MILL CREEK, Wash. — The line of waiting fans stretched the length of two city blocks, wrapping around a strip mall parking lot. Suddenly, the fans loudly erupted down the line—like exploding firecrackers on a long string.
Richard Sherman, now one of most controversial figures in America had arrived, flanked by a Mill Creek police escort.
“There he is,” screamed one fan. “Richard, we got your back,” shouted another. The lanky Seahawks superstar, whose nationally televised post-victory outburst caused endless debate and discussion, strode through the crush of fans and cameras waving, high-fiving, flashing a friendly 200-watt smile.
Sherman would spend the next three hours signing autographs, posing for photographs, and shaking hands with more than 300 fans who all paid $80 dollars for a chance to meet—and give moral support to a man portrayed by some pundits as classless—a thug, and worse.
“Anybody that doesn't love you is crazy,” said a woman who added, “Richard, you’re a good man.” Sherman leaned in, sincere—as if surprised. “I appreciate you,” he told her.
The gentle exchanges of mutual love between Sherman and his adoring fans seemed far from his shouting rant, directed at San Francisco 49ers wide-receiver Michael Crabtree, which was seen by millions of viewers around the world. Sherman’s angry, voice-cracking statement was shouted into a live network microphone only seconds after he made the best play of his career, and propelled the Seahawks to the Super Bowl.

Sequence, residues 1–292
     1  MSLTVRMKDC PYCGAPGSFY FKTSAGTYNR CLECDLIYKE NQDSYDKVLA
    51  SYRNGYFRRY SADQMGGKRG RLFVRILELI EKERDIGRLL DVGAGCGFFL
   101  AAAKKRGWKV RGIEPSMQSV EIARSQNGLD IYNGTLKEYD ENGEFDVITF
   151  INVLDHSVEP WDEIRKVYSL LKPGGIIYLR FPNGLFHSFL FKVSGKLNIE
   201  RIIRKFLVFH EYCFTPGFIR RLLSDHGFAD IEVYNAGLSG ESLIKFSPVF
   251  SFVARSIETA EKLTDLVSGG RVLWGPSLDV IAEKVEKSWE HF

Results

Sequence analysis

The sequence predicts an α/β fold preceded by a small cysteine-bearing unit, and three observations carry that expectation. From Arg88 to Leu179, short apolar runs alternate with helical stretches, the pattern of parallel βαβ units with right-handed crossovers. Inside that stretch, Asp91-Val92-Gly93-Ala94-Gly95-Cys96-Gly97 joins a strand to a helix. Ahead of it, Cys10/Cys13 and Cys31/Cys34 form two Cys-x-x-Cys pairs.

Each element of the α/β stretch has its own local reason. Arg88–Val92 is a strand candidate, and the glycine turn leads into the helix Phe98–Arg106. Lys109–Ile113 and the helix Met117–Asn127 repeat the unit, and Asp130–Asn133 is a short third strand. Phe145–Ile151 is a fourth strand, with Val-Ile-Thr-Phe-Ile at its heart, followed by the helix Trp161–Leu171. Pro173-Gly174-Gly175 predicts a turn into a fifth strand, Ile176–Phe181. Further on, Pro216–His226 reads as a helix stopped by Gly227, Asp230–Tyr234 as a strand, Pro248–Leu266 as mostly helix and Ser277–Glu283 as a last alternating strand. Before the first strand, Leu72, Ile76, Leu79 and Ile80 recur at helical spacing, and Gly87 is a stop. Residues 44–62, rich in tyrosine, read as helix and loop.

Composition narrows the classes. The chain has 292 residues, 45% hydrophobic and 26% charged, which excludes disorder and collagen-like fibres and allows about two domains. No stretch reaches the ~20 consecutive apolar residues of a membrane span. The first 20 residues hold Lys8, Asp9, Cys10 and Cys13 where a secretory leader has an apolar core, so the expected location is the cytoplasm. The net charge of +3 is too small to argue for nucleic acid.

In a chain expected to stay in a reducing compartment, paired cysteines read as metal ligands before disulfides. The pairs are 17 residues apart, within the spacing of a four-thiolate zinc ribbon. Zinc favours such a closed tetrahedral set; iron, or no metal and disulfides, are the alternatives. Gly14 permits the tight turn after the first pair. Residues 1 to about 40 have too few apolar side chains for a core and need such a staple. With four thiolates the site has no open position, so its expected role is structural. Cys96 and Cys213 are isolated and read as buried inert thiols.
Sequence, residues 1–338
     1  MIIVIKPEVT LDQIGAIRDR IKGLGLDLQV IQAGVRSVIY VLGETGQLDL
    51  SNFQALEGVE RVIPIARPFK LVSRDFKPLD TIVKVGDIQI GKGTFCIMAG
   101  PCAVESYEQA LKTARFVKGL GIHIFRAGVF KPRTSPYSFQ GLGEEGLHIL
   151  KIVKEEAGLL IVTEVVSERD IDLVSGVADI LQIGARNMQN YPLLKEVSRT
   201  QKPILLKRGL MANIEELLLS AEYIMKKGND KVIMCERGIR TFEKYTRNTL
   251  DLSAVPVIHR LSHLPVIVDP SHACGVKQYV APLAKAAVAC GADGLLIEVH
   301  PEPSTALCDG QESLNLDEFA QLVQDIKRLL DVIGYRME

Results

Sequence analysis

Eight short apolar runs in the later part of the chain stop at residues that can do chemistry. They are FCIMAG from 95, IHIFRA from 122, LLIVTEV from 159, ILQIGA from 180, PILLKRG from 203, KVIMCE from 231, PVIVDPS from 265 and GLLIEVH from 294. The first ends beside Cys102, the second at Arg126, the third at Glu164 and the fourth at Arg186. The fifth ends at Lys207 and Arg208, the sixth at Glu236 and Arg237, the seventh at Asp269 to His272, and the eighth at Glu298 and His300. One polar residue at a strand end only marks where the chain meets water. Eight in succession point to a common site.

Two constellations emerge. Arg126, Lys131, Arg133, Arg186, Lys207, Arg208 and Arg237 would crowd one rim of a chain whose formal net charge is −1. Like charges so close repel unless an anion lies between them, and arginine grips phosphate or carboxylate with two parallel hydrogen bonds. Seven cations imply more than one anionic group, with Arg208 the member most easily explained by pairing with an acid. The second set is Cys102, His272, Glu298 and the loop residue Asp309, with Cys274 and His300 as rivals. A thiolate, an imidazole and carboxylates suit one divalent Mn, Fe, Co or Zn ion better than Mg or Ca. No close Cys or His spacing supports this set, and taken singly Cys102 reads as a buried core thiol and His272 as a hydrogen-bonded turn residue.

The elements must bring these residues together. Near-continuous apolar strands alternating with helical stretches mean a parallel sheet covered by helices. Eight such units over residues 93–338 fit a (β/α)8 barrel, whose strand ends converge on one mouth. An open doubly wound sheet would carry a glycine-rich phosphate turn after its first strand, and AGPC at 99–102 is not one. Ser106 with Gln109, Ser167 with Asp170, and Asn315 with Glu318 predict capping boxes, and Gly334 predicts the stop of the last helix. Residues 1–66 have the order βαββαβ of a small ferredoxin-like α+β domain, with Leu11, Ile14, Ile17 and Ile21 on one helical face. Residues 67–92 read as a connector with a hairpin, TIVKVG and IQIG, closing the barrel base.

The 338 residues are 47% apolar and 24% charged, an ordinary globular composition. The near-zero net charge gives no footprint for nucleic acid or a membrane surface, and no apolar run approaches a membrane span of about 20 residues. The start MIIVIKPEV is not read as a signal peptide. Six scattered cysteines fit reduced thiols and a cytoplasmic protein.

“He decided not to talk to the media about this anymore, we’re keeping this positive,” said Sherman’s brother, Branton, who handles Sherman’s public appearances—like this one.
“This whole thing is really a dream come true,” said Branton Sherman. “He knows how to handle this kind of thing,” he said. Branton Sherman said he hopes people who jump to conclusions about his brother will understand the tension, stress and adrenaline-draining competiton he had just finished. He also was punched in the facemask by Crabtree, after Sherman patted Crabtree on the rear, and offered his hand with a shout of “good game!”
During his appearance, Sherman had endearing interactions with dozens of children, dumbstruck to be in Sherman’s presence, holding his hand while a parent snapped a picture.
Pee-wee Football player Nathan Morello gave Sherman a copy of Morello’s youth football card.
“Did you sign it for me?” asked Sherman. “Alright, I'm going to put this in my collection!"
Morello told KIRO 7 “He was nice to me. He is nice a lot of times, but he just got mad that time so, I don't think people should be mad at him,” said Morello.
“Look at how he laughs, is so kind, look at the way he acted here with my kids and everyone,” said Andrew Poliak, who brought his two daughters to the autograph session. “He's a role model,” said Poliak. “I would happily have him hang out with my kids any day!”